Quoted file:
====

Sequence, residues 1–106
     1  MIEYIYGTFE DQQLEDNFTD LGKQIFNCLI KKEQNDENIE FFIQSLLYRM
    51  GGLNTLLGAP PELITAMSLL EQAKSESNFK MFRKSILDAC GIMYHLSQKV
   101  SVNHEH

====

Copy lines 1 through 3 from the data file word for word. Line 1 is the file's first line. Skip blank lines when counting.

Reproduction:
Sequence, residues 1–106
     1  MIEYIYGTFE DQQLEDNFTD LGKQIFNCLI KKEQNDENIE FFIQSLLYRM
    51  GGLNTLLGAP PELITAMSLL EQAKSESNFK MFRKSILDAC GIMYHLSQKV